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Publication numberUS1644237 A
Publication typeGrant
Publication dateOct 4, 1927
Filing dateJun 29, 1925
Priority dateJun 29, 1925
Publication numberUS 1644237 A, US 1644237A, US-A-1644237, US1644237 A, US1644237A
InventorsChristensen Walter D
Original AssigneeChristensen Walter D
Export CitationBiBTeX, EndNote, RefMan
External Links: USPTO, USPTO Assignment, Espacenet
Electric-arc-welding tool
US 1644237 A
Abstract  available in
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Claims  available in
Description  (OCR text may contain errors)

Oct' 4 1927' w. D. cHRlsTr-:NSEN

ELECTRIC ARC WELDING TOOL.

Filed June 29, 1925 invento 55 gages the chuck 10 Tas ra'rau'l OFFICE.

'WALTER D. CHBISTENSEN,OF PUEBLO, COLORADO.

ELEC'JJiBfIC-ABCl-'WELDING4 TOOL.`

, application inea :une as, 1925. serial ne. 40,402.

This invention relates to the art of electric arc welding, and more particularly to the electrode chuck or holder through which the travelling electrode is fed to the work.

object of the invention is to rovide an im roved chuck or holder that w' 1nsure,re lia le contact with the travelling electrode; A further object is to provide'replaceable resilient `contact jaws between or *withinl which the travelling electrode passes, and

which present an extended frictional contact surface to the travelling electrode A further object is to2 provide a hght,

small, compact, welding tool or chuck or holder, that provides ample electric contact wit-hlthe travelling electrode without'over- `heating and'sticklng4 to the electrode, and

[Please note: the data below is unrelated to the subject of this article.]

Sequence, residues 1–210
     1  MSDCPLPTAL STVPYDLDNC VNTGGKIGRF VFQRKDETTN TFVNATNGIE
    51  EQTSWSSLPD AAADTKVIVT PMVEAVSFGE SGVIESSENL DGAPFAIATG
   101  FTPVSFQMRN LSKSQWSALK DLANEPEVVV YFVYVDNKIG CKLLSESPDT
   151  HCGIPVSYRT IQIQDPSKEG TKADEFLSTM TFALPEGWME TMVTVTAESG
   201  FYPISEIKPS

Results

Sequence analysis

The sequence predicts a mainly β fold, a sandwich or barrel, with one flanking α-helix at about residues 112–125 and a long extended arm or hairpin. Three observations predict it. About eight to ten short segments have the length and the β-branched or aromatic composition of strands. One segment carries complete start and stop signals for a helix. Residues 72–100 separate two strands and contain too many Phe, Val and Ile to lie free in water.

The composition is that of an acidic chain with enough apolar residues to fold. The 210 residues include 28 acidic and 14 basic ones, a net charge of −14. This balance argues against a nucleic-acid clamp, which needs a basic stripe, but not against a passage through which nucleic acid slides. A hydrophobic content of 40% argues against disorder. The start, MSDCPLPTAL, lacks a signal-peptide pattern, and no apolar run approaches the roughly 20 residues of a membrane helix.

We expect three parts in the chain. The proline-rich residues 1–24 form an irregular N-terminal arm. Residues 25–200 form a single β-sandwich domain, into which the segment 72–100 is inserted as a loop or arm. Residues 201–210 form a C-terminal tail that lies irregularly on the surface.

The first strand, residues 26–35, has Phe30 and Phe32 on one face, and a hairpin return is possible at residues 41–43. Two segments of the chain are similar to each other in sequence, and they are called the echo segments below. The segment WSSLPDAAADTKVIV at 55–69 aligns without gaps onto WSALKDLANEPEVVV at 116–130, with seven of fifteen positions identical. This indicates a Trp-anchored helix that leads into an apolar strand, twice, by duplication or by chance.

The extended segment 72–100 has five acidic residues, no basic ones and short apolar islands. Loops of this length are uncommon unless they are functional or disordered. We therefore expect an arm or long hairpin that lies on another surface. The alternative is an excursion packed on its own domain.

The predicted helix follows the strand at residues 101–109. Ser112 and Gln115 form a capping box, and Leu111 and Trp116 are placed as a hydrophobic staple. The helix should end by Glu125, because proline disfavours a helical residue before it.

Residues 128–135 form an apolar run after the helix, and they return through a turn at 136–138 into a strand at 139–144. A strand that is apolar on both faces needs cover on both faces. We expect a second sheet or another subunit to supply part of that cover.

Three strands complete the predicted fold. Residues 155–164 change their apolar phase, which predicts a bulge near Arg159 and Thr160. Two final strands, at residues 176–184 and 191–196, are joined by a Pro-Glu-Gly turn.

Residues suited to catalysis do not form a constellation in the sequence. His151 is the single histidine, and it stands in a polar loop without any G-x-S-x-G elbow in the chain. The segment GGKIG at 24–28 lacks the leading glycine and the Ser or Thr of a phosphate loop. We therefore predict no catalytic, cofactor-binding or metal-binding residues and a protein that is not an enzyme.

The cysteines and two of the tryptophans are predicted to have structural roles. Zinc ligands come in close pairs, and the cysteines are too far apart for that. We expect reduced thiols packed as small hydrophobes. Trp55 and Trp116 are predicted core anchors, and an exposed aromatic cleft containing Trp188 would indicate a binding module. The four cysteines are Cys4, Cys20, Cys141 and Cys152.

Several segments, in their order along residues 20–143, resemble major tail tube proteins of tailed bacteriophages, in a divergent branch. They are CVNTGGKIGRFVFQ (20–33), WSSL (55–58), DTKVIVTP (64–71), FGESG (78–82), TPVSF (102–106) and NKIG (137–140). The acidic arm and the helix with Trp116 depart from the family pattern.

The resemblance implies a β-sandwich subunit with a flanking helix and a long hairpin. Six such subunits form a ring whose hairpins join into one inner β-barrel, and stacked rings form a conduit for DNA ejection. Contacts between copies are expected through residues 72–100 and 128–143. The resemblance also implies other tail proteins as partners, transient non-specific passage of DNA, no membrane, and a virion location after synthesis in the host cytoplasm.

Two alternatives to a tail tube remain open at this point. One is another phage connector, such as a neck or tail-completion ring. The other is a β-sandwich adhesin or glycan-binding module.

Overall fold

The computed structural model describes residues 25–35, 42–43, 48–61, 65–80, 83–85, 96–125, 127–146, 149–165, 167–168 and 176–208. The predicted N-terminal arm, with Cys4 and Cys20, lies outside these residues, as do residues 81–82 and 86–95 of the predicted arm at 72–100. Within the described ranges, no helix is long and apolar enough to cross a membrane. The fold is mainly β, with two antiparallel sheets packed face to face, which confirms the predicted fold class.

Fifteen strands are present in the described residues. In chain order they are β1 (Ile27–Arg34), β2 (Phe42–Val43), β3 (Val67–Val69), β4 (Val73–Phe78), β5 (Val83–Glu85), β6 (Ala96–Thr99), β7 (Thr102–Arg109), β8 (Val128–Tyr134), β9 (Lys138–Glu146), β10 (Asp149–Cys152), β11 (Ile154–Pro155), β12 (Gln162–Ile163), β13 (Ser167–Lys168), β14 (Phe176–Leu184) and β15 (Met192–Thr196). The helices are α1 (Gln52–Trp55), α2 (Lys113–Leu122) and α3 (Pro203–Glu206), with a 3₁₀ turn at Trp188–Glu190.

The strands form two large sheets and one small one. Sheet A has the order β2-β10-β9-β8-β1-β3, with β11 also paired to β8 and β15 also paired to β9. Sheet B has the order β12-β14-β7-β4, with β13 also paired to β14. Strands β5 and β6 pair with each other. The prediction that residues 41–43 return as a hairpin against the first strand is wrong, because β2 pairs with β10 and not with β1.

that presentsl asubstantially. uniform frlcf tionall engagement with the electrode over a ,'20 long period of time.

In the accompanying drawings, Figure 1 illustrates the weldlng tool connected with a .conventional system of mechanical feed for the travelling electrode;

Fig. 2 is a sectional view of thechuck shown in Fig. 1; A

F igs. 3 and 4 are views of the parts of the tubular casing of the chuck;

Fig. 5 is a view in elevation of one ofthe 80 frictlonal contact plates or jaws used wlthin. the chuck; Figs. 6 and 7 are a pair of lspring lates that serve to maln-v tain the contact p ates in frictional engagement with they travellingelectrode;

Fig. '8 is a view of a cross section of the chuck on the line 8-8 of' Fig. 2;

Figs. 9 and 1() are views oflongitudmal A and transverse sections of a modified chuck 4o made 'of one piece of metal, and provided with integral resilient yjaws,`and s howmg'the electrode therein.